Hopefully, my son will not freak out about this. It’s been well known in our neighborhood; my son changed his name at seven years old. I gave him his first name, he chose at seven to go by his middle name, which I also gave him but that was related to my grandfather who was rather a stodgy person, and I did not think of my son as a stodgy person.
I just couldn’t put that name with him, so I had a problem with it. It was almost like a little grieving, I no longer had my Johnny, and I now had an Arthur. It was like I no longer had my baby boy with this name. I had to check in with a lot of people, including my psych mentor, other friends whose children changed their names, other friends who have changed their names, this is way more common than I ever imagined. They all told me it’s no big deal, it’s not a problem, it’s my problem. I had to suck it up. I had to take care of my own grief, my own anxiety about it and let him have it. He still goes by that name today, and it’s been fine, it’s no big deal. You can’t fool yourself; you might have to check with somebody else if you’re having a strong reaction to something your child is doing.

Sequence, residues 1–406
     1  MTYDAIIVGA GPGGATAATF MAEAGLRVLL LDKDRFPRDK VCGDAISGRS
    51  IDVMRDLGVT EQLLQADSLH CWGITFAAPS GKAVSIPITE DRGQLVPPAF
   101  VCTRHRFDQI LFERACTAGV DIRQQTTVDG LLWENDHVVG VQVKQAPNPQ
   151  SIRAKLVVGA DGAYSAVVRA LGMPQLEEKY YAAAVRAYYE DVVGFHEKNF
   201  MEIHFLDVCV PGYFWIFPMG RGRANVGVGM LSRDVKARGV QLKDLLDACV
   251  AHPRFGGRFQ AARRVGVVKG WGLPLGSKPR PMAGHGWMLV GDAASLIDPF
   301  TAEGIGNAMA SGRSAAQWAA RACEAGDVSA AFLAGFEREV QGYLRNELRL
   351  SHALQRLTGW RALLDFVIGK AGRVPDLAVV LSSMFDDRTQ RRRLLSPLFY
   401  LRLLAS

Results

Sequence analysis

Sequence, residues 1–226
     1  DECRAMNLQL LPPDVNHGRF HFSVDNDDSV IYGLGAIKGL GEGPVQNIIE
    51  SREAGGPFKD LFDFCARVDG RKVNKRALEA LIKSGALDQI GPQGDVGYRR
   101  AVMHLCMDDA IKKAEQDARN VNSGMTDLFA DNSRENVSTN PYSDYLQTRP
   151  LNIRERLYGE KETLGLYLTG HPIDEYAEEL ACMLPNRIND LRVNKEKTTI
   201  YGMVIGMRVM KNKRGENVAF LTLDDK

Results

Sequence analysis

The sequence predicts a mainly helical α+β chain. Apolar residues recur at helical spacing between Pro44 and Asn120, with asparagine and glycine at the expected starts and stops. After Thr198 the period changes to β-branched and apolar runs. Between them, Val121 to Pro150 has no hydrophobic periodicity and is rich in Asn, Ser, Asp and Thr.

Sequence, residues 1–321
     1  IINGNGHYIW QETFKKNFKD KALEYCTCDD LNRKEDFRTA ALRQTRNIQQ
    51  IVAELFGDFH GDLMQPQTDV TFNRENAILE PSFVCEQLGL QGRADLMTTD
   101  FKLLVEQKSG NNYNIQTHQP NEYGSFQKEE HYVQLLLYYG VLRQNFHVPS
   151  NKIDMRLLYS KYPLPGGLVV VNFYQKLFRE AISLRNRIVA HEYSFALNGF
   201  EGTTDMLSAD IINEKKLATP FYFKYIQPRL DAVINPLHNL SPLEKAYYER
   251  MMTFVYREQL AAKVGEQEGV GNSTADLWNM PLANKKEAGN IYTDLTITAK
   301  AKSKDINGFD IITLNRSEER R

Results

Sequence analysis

A child dresses different, they do their hair in a funny way, maybe they’ve dyed it,  or pierced something, and parents get all in a tizzy about it. But this is where you have to hold it. That’s where you’re giving your child their own autonomy, their own space, their own separation. This is so important.

Putting up a boundary with a child

Of course, there are times when children do things that are truly dangerous for them or going to hurt them or somebody else. Such as breaking the law or mishandling equipment like a car. These are dangerous things where you do have to put up a boundary.
Another dangerous example that people don’t usually think about is when they depend on you too much. Like the child who stays home because they don’t get a job. You have to put a boundary, “I’m only willing to support you financially until X date.” A lot of parents have trouble; they feel guilty about putting up a boundary because they think it’s being mean or the child is truly enraged and are saying hurtful things. You have to understand what is dangerous for the child, that you need to put that boundary up and you won’t tolerate so that they can change that. That’s the putting up boundaries, that’s the taking control back, not letting them run you over. There’s some give-and-take.